No shit, Sherlock. Or should I ask, "Have scientist finally figured out there is more to a crystal than the calculations of a computer or ticking of a clock?
Okay, Scientist have known for sometime that crystals are good for things such as running a clock, tuning an analog radio, and most recently, the basis for all microelectronics including the iPhone. But life, now that's news.
Warning! the next paragraph might be too "out there" for some, for it includes the lost civiliazaton of Atlantis!
In Atlantis, at the peak of the Atalantean civilization, perhaps some 15,000 years ago, crystals were used a lot, most notably as high energy power rods (don't ask how I know, I do). Now, these tools were used for everything from architecture, medicine, arts, even climate control. Unfortunately, the Atlantean people did not evolve beyond the arrogance of personal power games and so self-destructed -- much as we are doing now. Just look outside your window.
Crystals are also good for inspiration, many Mystical writers such as Hidergard von Bingen, Arnoldus Saxo, and John Mandeville used them to help them write their wonderful works. Also, many past artist such as in Fatimid art, and modern artist such as Carly Waito, Debra Baxter, and Amy Brener, have used crystals for inspiration in the most wonderful ways. And of course, there are the many medical and spiritual properties of crystals which hundreds, if not thousands, of publications have been written on, par exemple:
So, getting back to my original point, in today's news feed, they are reporting how "Super Life" has been found in crystals that could be 50,000 years old. (Good luck getting that peer reviewed.) I've cut it out here for you to read for it seems to be one of those factual articles that won't be available for long:
BOSTON (AP) — In a Mexican cave system so beautiful and hot that it is called both Fairyland and hell, scientists have discovered life trapped in crystals that could be 50,000 years old. The bizarre and ancient microbes were found dormant in caves in Naica, Mexico, and were able to exist by living on minerals such as iron and manganese, said Penelope Boston, head of NASA's Astrobiology Institute.
"It's super life," said Boston, who presented the discovery Friday at the American Association for the Advancement of Science conference in Boston.
If confirmed, the find is yet another example of how microbes can survive in extremely punishing conditions on Earth. Though it was presented at a science conference and was the result of nine years of work, the findings haven't yet been published in a scientific journal and haven't been peer reviewed. Boston planned more genetic tests for the microbes she revived both in the lab and on site.
The life forms — 40 different strains of microbes and even some viruses — are so weird that their nearest relatives are still 10 percent different genetically. That makes their closest relative still pretty far away, about as far away as humans are from mushrooms, Boston said.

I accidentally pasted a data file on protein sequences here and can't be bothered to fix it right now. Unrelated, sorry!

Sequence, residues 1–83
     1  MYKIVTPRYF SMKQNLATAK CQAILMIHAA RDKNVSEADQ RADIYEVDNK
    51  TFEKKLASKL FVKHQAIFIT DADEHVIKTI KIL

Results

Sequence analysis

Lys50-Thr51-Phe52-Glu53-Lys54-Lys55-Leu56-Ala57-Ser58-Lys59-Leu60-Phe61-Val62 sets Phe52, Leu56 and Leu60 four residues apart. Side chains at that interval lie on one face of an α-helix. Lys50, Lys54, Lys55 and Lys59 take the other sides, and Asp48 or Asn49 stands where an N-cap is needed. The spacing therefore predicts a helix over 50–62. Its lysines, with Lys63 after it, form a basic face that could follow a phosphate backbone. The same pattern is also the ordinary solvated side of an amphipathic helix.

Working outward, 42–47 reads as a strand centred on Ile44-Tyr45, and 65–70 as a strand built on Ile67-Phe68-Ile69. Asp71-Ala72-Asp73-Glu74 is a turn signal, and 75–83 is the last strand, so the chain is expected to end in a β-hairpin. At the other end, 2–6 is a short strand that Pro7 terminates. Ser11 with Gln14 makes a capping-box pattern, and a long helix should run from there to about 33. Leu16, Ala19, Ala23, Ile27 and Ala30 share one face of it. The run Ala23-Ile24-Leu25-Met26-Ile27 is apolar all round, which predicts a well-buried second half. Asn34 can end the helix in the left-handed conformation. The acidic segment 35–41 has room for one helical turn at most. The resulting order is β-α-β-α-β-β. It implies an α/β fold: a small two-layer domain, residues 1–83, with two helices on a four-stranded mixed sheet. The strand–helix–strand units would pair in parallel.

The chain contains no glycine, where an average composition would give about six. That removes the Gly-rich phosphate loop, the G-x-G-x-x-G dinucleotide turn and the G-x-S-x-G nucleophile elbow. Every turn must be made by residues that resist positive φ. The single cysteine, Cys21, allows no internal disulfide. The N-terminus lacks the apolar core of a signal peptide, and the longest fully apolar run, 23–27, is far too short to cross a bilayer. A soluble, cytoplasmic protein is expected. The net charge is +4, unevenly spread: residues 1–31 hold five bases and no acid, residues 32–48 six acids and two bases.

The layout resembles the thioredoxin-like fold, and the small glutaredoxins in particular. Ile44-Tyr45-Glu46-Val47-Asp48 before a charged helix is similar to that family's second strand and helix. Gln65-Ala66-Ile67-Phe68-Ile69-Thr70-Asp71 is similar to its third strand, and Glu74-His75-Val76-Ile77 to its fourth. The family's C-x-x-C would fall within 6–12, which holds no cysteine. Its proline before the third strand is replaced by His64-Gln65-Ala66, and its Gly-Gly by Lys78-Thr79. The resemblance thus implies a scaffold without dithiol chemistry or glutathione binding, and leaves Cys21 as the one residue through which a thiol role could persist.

The Naica caves — an abandoned lead and zinc mine — are half a mile (800 meters) deep. Before drilling occurred by a mine company, the mines had been completely cut off from the outside world. Some were as vast as cathedrals, with crystals lining the iron walls. They were also so hot that scientists had to don cheap versions of space suits — to prevent contamination with outside life — and had ice packs all over their bodies.
Boston said the team could only work about 20 minutes at a time before ducking to a "cool" room that was about 100 degrees (38 Celsius).
NASA wouldn't allow Boston to share her work for outside review before Friday's announcement so scientists couldn't say much. But University of South Florida biologist Norine Noonan, who wasn't part of the study but was on a panel where Boston presented her work, said it made sense.
"Why are we surprised?" Noonan said. "As a biologist I would say life on Earth is extremely tough and extremely versatile."
This isn't the oldest extreme life. Several years ago, a different group of scientists published studies about microbes that may be half a million years old and still alive. Those were trapped in ice and salt, which isn't quite the same as rock or crystal, Boston said.
The age of the Naica microbes was determined by outside experts who looked at where the microbes were located in the crystals and how fast those crystals grow.
It's not the only weird life Boston is examining. She is also studying microbes commonly found in caves in the United States, Ukraine and elsewhere that eat copper sulfate and seem to be close to indestructible.
"It's simply another illustration of just how completely tough Earth life is," Boston said.
Follow Seth Borenstein at http://twitter.com/borenbears and his work can be found at http://bigstory.ap.org/content/seth-borenstein